P.S. I have no pictures of me or my sisters playing in those woods, but I know I had a picture of Carrie and her cousins playing at Devil’s Canyon. I looked through five shoeboxes and eight photo albums but could not find it. If it ever turns up I will scan it and post it.

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23 thoughts on “A secret place

    • First off peeps the blueberries only had a brief window ot time that they were ripe enough to pick. Perterson hill was a destination when we were horseback riding and no hanky panky ever happen with this sister peep. So who did the dirty deed up there. I do remember playing spin the bottle with some boys but kissing was the limit (we were only 11 -14 years old. Cindy may have been 6 or 7 at the time). Oops I remember Gary and I getting a car stuck on Peterson road wedged between two embankments and having to call a tow truck to pull us out but it wasn’t on Peterson Hill but at the beginning of the road just above Mrs Makins house and I was 17 at the time. We just were planning heavy necking at the time, no hanky panky till months later. Are you guys talking about this story and putting me in an embarassing situation here.

      • Ha, ha, ha! This is getting so funny!I was going to mention the spin the bottle escapade. I think I was a couple of years older (maybe 10 or 11)! It was a broken bottle and the boy I liked spun it and it hit me in the knee and cut me. I was bleeding pretty good, so we wrapped it in someone’s shirt or scarf or something and I had to be carried the whole way down the mountain and I still have my scar to prove it!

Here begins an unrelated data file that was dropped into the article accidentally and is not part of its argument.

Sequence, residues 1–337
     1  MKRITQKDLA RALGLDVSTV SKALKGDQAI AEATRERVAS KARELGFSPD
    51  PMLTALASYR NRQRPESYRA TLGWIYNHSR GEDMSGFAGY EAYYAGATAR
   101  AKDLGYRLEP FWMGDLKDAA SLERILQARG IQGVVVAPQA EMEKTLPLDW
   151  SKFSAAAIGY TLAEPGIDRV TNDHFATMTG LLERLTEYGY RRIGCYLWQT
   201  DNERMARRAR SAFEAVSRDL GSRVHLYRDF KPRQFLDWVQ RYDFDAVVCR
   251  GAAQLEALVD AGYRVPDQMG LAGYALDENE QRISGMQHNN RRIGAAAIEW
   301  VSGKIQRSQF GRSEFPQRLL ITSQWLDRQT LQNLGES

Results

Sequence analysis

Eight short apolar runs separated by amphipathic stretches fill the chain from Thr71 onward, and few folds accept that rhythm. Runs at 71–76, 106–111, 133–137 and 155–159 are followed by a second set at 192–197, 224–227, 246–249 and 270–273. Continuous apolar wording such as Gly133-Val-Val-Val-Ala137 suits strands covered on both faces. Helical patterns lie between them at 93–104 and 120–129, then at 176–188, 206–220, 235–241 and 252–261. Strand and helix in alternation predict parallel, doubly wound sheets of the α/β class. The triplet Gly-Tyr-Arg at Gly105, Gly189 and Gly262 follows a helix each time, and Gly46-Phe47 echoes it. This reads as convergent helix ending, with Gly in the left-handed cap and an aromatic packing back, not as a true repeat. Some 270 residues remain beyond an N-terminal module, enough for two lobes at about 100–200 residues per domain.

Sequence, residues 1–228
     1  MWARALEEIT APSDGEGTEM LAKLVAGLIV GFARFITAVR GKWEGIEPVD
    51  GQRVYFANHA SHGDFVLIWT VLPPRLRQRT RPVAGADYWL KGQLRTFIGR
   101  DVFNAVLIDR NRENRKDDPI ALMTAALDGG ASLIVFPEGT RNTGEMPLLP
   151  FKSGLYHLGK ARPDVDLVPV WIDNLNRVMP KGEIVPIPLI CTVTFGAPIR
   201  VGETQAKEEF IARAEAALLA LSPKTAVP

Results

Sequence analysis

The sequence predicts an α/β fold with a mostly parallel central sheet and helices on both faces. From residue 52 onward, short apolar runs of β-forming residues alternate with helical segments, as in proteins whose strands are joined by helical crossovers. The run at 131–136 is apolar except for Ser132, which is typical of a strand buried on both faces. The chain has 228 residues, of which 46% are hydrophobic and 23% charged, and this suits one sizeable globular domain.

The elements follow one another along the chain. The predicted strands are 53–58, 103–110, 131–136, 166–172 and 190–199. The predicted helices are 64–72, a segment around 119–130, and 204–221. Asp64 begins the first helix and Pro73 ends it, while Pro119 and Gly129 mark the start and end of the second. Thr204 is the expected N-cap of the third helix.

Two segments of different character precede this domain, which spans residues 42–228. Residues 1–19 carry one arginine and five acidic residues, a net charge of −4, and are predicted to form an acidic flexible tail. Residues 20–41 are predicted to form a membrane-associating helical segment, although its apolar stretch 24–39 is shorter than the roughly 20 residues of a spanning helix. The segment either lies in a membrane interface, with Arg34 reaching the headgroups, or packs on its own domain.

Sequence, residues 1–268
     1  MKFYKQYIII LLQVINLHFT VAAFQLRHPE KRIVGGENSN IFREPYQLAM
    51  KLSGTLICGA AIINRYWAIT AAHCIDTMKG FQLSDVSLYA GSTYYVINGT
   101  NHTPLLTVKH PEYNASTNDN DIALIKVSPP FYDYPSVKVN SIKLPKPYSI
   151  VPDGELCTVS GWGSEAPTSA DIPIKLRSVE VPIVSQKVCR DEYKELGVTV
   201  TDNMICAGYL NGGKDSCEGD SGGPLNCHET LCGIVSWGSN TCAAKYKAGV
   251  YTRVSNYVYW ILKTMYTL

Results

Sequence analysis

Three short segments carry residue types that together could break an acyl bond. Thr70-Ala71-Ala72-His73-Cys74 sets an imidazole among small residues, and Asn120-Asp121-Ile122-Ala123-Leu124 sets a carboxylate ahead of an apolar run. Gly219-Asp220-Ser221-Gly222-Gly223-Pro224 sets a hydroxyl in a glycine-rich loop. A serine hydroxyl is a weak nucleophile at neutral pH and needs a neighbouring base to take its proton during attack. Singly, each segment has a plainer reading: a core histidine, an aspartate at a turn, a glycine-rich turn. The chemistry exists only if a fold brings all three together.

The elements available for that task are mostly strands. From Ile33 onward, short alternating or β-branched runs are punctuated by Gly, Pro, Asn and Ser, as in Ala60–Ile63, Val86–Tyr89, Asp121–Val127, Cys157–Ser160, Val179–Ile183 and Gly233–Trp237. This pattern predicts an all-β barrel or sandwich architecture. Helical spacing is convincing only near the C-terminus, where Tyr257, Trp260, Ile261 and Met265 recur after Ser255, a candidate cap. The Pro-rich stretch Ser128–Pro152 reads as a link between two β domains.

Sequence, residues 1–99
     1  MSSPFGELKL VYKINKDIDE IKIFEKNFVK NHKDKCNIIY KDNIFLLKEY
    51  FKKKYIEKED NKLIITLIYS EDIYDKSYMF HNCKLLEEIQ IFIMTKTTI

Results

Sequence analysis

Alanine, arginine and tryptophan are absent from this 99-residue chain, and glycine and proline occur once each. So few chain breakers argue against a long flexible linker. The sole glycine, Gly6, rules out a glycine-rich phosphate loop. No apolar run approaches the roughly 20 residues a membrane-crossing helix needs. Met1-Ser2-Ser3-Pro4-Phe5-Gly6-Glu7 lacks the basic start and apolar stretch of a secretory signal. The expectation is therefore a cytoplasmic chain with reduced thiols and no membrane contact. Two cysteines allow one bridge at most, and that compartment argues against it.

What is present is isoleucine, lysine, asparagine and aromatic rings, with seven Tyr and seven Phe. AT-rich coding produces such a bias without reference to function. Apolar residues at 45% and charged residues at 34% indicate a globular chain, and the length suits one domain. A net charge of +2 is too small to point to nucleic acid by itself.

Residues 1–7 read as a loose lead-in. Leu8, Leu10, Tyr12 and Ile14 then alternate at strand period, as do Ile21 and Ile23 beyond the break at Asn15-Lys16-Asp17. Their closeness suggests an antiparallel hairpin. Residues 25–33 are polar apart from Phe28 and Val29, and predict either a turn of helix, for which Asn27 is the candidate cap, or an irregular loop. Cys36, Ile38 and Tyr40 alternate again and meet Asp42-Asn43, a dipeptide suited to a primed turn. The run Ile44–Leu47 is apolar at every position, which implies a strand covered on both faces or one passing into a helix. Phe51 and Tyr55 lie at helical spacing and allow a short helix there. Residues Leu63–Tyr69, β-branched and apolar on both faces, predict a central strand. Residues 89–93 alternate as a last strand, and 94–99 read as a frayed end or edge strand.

I thought Linda might have done it there, but then she said she thought we were talking about blueberries, so now I don’t know for sure! Bonnie never said. So, I might be the only one! And, just so everyone knows I’m not really a super bad girl, I only ever did it once up there and it was with Brian – Valentines Day, 1976!

        • I remember the spin the bottle incident and you getting cut. However I didn’t know about you and Brian going up there. How did you get up there in February when it’s cold and snowy? A car wouldn’t make it and I can’t see you and Brian riding horses. Now we have to get the scoop on Bonnie and Linda.
          I also remember you getting cut in our bathroom and me passing out from the blood. And don’t forget the nail you stepped on and you and I had to get a tetanis (probably spelled wrong) shot. You seem to get hurt a lot.

          • We hiked up there! Huge whopping snow drifts. I didn’t think we’d make it! At the top, we rested under a grove of pine trees, and um, well, you know! Came back down and I made fried chicken!

            Yes, I did get hurt a lot. Most of those times, I was trying to do the same stuff that my older sisters were doing even though I was too young to do them. Then, too, I was also pretty clumsy!